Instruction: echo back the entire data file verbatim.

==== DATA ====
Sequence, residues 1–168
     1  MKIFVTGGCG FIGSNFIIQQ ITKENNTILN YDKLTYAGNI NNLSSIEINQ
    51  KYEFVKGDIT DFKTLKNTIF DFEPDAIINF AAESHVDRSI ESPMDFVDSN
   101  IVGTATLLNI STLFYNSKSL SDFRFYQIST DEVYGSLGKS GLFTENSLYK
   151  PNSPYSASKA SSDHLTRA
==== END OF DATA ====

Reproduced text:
Sequence, residues 1–168
     1  MKIFVTGGCG FIGSNFIIQQ ITKENNTILN YDKLTYAGNI NNLSSIEINQ
    51  KYEFVKGDIT DFKTLKNTIF DFEPDAIINF AAESHVDRSI ESPMDFVDSN
   101  IVGTATLLNI STLFYNSKSL SDFRFYQIST DEVYGSLGKS GLFTENSLYK
   151  PNSPYSASKA SSDHLTRA